The Lorax Featured in Insane New Mazda Commercial

by Russ Burlingame

Every so often, a commercial comes along to remind you why the rest of society hates ad copywriters and advertising executives.

Such a commercial rolled onto TV screens this week, featuring The Lorax--the titular hero of Dr. Seuss's beloved environmental parable and star of a new feature film out next week--shilling for the Mazda CX-5, which the automaker deigns the "Truffula Tree-certified" sport utility vehicle. Not a hybrid or a hydrogen vehicle, mind you, but a standard fuel-injected sport utility vehicle. While the ad campaign touts the vehicle's mileage as a boon to an environment, everyone from environmental advocates to Seuss aficionados are crying foul over this bizarre and misguided appropriation of the book.

That's right, folks; it has to be the most tone-deaf ad campaign at least since Dr. Pepper's recent sexist and bone-headed "It's Not For Women" campaign, and going back before that you would probably be hard-pressed to think of one that came close. Mother Jones calls the ad campaign an "atrocity" and Jason Bittel of the Fitting Group, a branding organization unconnected to the Mazda campaign, has crafted his own darkly hilarious take on the controversy which says, in part:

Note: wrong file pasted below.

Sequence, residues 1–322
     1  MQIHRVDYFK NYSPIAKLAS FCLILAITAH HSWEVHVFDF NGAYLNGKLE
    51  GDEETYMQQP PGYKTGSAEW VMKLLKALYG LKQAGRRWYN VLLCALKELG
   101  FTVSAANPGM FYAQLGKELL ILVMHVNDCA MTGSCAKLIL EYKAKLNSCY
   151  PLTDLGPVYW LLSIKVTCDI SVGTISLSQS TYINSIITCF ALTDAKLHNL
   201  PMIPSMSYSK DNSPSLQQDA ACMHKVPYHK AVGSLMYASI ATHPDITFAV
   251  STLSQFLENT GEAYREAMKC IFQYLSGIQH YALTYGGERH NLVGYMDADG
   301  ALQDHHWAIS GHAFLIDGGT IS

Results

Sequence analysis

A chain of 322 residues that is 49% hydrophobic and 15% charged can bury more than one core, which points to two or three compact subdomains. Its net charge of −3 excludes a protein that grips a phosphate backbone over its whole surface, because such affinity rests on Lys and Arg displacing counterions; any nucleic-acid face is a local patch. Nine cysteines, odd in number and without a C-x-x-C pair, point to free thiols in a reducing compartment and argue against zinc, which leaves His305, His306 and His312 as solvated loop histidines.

"Whoever is in charge of branding For the Lorax’s mula-making machine - Have you read the book you’re hijacking? Did you misinterpret what it means?"
Mazda executives--if you see a group of angry villagers waving pitchforks and wearing comically tall stovepipe hats, I'd head for the hills.

By Russ Burlingame

Russ Burlingame has been covering comics and pop culture since 1999. He has written for WIZARD: THE COMICS MAGAZINE, Comic Related, Newsarama, and more before settling in for the long haul at ComicBook.com back in 2011.